Audio Recordings

For audio recordings of my speeches and conversations at events across the country, please see this podcast below. It's also available on Apple Podcasts or Stitcher.

Written Speeches

Below you will find transcripts of doorstops, speeches and media interviews.

Robodebt scheme has done massive harm to Australian people - Transcript, 2CC Radio





SUBJECTS: Federal Labor’s calls for a Royal Commission into Robodebt; Liberals Undermining Superannuation (Again)

LEON DELANEY, HOST: Joining me now Member for Fenner and Shadow Assistant Minister for Charities and Treasury Dr Andrew Leigh. Good afternoon.

ANDREW LEIGH, SHADOW ASSISTANT MINISTER FOR TREASURY AND CHARITIES: Good afternoon, Leon. Great to be with you and your listeners.

DELANEY: Well thanks for joining us once again. First of all, why do we need a royal commission on this issue? Don't we already know what went wrong?

LEIGH: I think we need to get to the absolute bottom of what's happened with this significant scheme. I mean, this is a scheme designed to extract one and a half billion dollars of unlawful debts from the Australian people. Hundreds of thousands of people are having their debts repaid, and indeed pretty much everybody who came to my office has had their debts repaid. A whole lot of Canberrans have been affected by this. I've had constituents who had the debt collectors sicced onto them as a result of a process in which the Morrison Government took the humans out of Human Services and just allowed computer algorithms to run amok, ruining people's lives.

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Liberals again defend the indefensible - Speech, House of Representatives


In The Mikado, the Lord High Executioner sings, 'I've got a little list,' and the coalition have a little list as well. Their little list is of their mates that they would like to avoid public scrutiny. That's what they're doing with this vote that we are about to have in this place. Yet again, for the third time in as many days, they are going to come into this place and defend the indefensible.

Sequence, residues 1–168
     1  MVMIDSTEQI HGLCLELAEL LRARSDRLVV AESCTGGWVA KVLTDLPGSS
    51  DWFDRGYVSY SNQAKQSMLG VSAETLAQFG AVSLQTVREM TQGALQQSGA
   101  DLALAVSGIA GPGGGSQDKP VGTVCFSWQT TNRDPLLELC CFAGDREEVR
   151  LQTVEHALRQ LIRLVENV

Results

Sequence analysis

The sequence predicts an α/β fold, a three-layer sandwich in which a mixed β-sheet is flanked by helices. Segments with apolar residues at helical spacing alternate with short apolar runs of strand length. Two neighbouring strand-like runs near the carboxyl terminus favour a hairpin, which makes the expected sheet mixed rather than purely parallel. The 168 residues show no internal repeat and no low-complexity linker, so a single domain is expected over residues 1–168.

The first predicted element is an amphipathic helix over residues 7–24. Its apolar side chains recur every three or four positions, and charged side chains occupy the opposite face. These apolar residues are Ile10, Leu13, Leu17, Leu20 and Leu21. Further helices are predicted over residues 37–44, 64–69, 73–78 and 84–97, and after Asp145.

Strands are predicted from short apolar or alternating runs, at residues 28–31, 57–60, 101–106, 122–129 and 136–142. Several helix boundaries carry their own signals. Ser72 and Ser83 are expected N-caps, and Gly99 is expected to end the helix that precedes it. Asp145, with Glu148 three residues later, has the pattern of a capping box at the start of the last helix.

Why do I say it's indefensible? It's because none of them are standing up to defend it.

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No defence for lack of transparency - Speech, House of Representatives


I was just pausing for a moment to see if perhaps there was one member of the coalition who might defend their current position. I'm perfectly happy to yield to anyone on the other side who wants to defend the position that they are about to vote for.

I think they're hoping that people will see the word 'tax' and just tune out. But let's be very clear about what we're debating in the House right now: the government wants to throw an invisibility cloak over their mates so they can evade scrutiny. It is as simple as that.

This is a measure that should have been a temporary exemption for a couple of years. That's what it was to have been when the Keating government put it in place in 1995. But it was the Howard government that said, 'You know, this is a pretty good lurk for some of our mates. Let's make it permanent.'

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Morrison over promises and under delivers - Speech, House of Representatives


Another day and another promise that the Prime Minister will likely fail to deliver on.

The coalition promised a draft bill to establish a national integrity commission by last Christmas, but for those who want a federal ICAC there was nothing under the Christmas tree. This government promised immediate support for bushfire victims. Months later, only four per cent have received help.

They said six million people were receiving the JobKeeper payment and then admitted that the truth was about half as many. They have left the arts sector behind, and the university sector has been deliberately excluded. There might be a pandemic going on, but they're not too busy to fight the culture wars. Among charities, just one in 13 can access the JobKeeper program, and some face the real prospect of going bust.

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Taxation needs transparency and consistency - Speech, House of Representatives


Louis Brandeis famously said that sunlight is the best disinfectant, and the issue we're facing here is squarely an issue of sunlight.

As the member for Mayo has highlighted, it's also an issue of consistency. Why should a company that was formed before 1995 be treated differently to a company formed after 1995? The coalition likes to talk about new businesses and about the importance of level playing fields. Well, this is the very antithesis of that. This is advantaging older businesses and it's tilting the playing field towards them. Why should 1,500 firms that were established before 1995 have access to a different transparency regime than every other private firm? It makes no sense whatsoever and it is a bizarre quirk of history.